Veteran’s Services

We truly believe that the men and women who answered our nation’s call embody the ideals Americans hold so dear. Because they have proven their devotion to their fellow citizens and to a grateful nation, we all owe them the same respect and devotion in return. We are proud to honor those who have served. To learn more about Veteran’s Services or to see if you or a Veteran you know is eligible, click here.

Always There, No Matter How Far

You Don’t Need to Be Close to Have Closure

One of the hardest things we may endure in life is losing a loved one. During the grieving process, many people find the closure they need by attending the funeral. Unfortunately, due to varying circumstances, your loved ones may not be able to attend the funeral. This inadvertently may cause more grief and may lead to feelings of guilt.

To make things easier for those who are unable to attend, Found and Sons has integrated a live-streaming feature that friends and family can utilize. Your friends and family now have the ability to be there for the service no matter the circumstances preventing them from attending. While watching a live-stream of their loved one’s service, they will have the ability to select between two cameras. One camera is positioned to focus on the speaker at the podium and to view the casket or urn. The second camera allows for an overall view from the back of the chapel and also allows viewers to see the casket exit with the pallbearers.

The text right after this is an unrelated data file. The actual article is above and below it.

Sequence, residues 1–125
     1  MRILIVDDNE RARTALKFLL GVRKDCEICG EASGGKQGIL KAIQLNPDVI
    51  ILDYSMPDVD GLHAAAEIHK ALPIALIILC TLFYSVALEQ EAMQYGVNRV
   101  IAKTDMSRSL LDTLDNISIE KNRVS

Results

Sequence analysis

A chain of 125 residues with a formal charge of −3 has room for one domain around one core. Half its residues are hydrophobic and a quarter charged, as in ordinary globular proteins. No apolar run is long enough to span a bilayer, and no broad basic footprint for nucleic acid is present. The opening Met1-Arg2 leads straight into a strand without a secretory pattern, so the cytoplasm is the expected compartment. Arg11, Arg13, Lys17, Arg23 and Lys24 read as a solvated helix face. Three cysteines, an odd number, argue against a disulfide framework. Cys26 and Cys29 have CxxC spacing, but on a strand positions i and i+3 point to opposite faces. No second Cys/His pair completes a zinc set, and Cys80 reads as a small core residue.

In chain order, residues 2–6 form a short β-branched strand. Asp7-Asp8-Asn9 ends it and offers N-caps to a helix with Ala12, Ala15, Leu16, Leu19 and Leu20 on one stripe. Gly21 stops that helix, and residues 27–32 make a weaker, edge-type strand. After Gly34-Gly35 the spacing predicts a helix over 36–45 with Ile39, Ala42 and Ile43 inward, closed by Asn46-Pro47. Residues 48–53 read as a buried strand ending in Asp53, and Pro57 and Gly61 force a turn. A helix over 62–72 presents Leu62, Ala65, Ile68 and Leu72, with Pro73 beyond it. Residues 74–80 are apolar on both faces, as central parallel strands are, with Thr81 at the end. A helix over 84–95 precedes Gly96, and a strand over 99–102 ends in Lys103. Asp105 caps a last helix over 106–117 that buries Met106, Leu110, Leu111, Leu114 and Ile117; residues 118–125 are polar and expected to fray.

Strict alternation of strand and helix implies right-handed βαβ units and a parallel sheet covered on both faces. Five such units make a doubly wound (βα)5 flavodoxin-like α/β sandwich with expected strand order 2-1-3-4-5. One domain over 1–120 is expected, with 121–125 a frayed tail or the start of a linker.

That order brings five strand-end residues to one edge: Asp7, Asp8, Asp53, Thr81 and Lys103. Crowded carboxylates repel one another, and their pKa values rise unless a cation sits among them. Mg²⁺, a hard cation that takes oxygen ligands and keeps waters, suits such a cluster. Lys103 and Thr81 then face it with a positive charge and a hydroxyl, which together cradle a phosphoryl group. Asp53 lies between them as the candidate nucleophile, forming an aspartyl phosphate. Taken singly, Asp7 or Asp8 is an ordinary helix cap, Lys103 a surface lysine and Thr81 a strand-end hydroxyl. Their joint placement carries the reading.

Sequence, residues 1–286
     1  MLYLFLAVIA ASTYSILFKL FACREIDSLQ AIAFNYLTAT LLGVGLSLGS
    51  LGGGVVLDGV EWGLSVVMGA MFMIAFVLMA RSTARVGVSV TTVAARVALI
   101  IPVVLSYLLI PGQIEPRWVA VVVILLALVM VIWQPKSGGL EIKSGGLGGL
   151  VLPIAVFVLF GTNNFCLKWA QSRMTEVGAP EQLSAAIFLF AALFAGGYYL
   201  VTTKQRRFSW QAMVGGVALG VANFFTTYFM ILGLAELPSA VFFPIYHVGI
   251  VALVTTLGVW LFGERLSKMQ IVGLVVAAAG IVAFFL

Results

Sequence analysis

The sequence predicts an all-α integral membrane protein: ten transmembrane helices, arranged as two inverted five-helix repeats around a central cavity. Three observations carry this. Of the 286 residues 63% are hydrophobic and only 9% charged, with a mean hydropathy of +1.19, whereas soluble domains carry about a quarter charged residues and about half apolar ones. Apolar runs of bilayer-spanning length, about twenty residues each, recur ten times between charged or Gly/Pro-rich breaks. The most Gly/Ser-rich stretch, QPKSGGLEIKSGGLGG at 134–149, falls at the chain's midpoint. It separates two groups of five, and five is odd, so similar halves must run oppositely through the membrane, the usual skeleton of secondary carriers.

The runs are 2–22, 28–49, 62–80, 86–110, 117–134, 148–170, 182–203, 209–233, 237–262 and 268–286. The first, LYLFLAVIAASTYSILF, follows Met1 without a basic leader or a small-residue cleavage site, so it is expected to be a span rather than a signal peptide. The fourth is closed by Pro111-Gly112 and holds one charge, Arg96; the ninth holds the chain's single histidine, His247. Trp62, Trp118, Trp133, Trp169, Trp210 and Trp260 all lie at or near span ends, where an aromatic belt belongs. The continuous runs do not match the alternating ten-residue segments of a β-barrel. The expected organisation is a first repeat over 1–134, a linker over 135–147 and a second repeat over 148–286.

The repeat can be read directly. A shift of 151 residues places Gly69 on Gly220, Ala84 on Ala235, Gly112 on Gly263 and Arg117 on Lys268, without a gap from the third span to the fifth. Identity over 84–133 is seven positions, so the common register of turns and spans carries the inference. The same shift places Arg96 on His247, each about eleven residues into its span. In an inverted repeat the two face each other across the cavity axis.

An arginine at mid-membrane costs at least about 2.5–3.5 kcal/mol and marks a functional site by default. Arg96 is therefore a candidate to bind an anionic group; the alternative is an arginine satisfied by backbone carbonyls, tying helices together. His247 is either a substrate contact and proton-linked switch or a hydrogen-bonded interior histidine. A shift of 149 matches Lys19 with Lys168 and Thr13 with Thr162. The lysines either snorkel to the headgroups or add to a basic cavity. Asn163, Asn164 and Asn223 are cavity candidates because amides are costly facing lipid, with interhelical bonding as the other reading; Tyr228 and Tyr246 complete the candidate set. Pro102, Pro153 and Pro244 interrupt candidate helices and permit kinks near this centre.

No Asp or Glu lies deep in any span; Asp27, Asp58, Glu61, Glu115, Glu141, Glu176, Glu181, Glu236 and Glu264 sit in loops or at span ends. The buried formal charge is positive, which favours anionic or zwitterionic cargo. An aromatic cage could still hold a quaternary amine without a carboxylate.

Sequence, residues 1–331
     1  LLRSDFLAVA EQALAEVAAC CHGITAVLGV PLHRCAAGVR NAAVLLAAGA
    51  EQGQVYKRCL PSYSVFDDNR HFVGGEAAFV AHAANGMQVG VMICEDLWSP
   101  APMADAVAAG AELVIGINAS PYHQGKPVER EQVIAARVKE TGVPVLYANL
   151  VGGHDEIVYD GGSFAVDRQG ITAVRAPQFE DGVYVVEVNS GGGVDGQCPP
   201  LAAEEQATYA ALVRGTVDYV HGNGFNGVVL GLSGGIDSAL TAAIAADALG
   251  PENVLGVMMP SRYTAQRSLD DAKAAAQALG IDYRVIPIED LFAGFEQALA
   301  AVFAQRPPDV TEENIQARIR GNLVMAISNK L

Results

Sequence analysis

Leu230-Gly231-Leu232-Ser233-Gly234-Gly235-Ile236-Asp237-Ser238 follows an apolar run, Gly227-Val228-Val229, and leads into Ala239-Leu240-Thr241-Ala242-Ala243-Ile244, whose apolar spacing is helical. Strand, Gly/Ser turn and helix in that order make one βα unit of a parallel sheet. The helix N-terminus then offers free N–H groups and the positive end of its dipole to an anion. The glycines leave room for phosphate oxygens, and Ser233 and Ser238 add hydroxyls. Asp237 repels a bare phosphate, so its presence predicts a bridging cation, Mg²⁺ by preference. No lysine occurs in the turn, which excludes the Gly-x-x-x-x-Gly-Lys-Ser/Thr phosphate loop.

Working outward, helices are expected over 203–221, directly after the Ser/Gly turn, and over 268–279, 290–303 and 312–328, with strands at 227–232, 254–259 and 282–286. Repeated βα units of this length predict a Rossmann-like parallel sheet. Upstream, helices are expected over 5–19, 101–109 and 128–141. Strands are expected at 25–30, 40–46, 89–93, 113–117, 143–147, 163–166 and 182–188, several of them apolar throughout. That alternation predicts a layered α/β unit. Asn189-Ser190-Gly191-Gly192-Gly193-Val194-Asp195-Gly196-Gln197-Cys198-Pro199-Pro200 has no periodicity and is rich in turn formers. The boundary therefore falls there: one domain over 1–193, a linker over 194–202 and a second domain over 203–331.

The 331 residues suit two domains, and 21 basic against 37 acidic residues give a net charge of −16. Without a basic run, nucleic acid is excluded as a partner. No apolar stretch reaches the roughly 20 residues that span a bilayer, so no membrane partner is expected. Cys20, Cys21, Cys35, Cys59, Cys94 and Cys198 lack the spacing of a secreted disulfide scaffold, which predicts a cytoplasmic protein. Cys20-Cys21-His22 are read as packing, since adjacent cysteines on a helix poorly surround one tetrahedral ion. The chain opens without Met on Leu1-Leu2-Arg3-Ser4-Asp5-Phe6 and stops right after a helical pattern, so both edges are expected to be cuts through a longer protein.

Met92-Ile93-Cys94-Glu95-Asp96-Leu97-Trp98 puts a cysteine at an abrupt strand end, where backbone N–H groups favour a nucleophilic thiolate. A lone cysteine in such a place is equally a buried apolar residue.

Invitation to View the Service

Once a director has scheduled the service to be live-streamed, an email will be sent to designated family members. The email can then be forwarded and shared with whomever you choose to share the invitation with. Found and Sons also provide the option of putting the link to view the service on your loved one’s obituary page. Since your privacy is important to us, this option is entirely up to you.










Viewing the Service Details and Obituary

By clicking on the link, you will be taken to a new screen. Depending on what time you click the link, it will either display a picture of your loved one or it will be showing the live stream if the service start time has been reached.






Event Tab

Here, you will find details such as the name of the deceased, date of the service, and the time.







Venue Tab

Under this tab, you can see which chapel the service is being held at, the chapel’s phone number, the director’s email address, and the memorial page of the deceased.







Front Camera

This angle provides a closer view of the speaker and arrangement.








Guest Camera

This angle provides an overview of the service.